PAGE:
She was a founding member of the Nigerian Society for Infection control in 1998, and is also a member of the Global Infection Prevention and Control Network.
The microbiologist was the acting vice-chancellor of the University of Lagos for some time in 2020 when the university was embroiled in a crisis as a result of the removal of the then vice chancellor, Prof Oluwatoyin Ogundipe, by the university’s governing council. Before then, she was the Deputy Vice-Chancellor (Development Services) of the university. At a time, she was also the provost of the College of Medicine, University of Lagos.
Her research is centered on the regulation and management of viral diseases, particularly HIV. She is the principal investigator at the AIDS Prevention Initiative in Nigeria at the University of Lagos. She has also been the chairman of the Infection Control Committee of the Lagos University Teaching Hospital. This is in addition to being the chairman of the National Association of Colleges of Medicine in Nigeria.
Ogunsola is the first woman to become a vice-chancellor in UNILAG’s history.
Edo NAPPS Distances Self From Viral Video Insulting Obaseki, Calls For Probe
The National Association of Proprietors of Private Schools (NAPPS), Edo State chapter, has disclaimed and distanced itself from a viral video wherein the Governor of Edo State, Mr. Godwin Obaseki was insulted and lampooned.
This followed a video circulating online wherein NAPPS in Edo State was called upon to reject all PDP candidates linked to Governor Godwin Obaseki.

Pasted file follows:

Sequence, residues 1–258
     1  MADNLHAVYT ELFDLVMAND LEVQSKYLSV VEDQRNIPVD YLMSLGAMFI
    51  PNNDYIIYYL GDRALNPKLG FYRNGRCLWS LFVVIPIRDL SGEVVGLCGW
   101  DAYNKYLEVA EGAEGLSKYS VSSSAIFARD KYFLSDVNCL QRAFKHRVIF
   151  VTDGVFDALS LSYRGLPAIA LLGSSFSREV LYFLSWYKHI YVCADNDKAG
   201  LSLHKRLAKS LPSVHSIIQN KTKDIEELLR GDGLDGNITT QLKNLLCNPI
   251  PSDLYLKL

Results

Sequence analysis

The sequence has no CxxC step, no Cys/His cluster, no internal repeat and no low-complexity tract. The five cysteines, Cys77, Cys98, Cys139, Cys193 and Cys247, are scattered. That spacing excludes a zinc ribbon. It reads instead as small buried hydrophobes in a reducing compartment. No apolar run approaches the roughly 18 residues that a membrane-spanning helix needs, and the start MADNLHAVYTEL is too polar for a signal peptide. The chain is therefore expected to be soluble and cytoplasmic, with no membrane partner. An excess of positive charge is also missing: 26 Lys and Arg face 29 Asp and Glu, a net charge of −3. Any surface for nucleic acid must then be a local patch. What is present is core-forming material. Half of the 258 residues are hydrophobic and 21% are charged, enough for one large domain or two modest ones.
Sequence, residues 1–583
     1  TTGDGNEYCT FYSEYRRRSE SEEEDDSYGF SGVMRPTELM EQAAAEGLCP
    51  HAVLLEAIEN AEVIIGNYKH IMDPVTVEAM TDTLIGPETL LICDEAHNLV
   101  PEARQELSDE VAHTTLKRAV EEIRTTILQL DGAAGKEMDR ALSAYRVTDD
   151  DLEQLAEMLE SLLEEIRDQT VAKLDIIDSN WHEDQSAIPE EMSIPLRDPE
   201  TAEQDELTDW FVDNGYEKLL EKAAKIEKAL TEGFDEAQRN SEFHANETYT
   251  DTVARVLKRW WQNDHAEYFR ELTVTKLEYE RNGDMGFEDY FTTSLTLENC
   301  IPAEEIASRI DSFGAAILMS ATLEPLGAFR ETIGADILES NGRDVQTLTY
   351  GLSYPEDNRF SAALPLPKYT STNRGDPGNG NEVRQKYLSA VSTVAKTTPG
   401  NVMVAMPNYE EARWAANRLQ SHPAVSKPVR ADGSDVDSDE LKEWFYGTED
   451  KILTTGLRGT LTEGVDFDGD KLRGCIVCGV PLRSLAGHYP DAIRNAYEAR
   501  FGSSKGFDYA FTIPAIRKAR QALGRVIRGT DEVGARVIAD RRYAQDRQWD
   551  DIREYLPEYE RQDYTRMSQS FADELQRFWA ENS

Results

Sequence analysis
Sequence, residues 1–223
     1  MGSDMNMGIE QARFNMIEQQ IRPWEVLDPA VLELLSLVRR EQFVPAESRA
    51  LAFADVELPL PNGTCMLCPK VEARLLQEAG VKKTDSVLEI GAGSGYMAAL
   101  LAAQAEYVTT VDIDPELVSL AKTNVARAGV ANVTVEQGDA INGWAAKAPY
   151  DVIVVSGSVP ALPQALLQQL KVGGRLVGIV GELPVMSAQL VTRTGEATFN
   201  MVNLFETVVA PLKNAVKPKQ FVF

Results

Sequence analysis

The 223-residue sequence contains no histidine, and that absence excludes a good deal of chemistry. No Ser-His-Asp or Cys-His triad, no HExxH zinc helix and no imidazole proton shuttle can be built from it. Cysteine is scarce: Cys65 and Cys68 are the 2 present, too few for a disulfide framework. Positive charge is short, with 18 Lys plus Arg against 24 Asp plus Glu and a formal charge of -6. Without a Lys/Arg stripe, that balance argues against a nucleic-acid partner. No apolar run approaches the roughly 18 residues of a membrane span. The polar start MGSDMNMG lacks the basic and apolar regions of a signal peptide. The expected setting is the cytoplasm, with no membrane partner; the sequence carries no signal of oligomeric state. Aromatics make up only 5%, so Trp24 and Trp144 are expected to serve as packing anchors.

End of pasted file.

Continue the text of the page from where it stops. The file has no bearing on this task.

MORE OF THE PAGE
In the video already trending online, they (NAPPS) alleged that Obaseki is deliberately destroying their business after giving him all the support during the 2020 governorship election.
They further accused the state Governor of introducing damaging taxes and fees on on them
But a statement signed by Reuben Ekhosuehi, Chairman NAPPS Edo State, said: “We have observed with total dismay the attitude of some faceless group of people trying to drag the name of State Chairman, Hon. Ekhosuehi Reuben Ikponmwen and the National Association of Proprietors of Private Schools, Edo State in a muddy water.
“We want to state categorically that we disassociate ourselves from the trendy video and audio messages castigating our amiable Governor, His Excellency, Mr Godwin Enogheghase Obaseki, and the Hon. Commissioner for Education, Dr Joan Osa Oviawe.”
Comrade Ikponmwen explained: “We will never do anything to bring down the reputation of our state Governor, and the State Ministry of Education.As law abiding citizens, we are aware of the right avenue of negotiating with the government on any issue pertaining to the welfare of our union and that of the development of Education in the state and not to embark on cheap blackmail.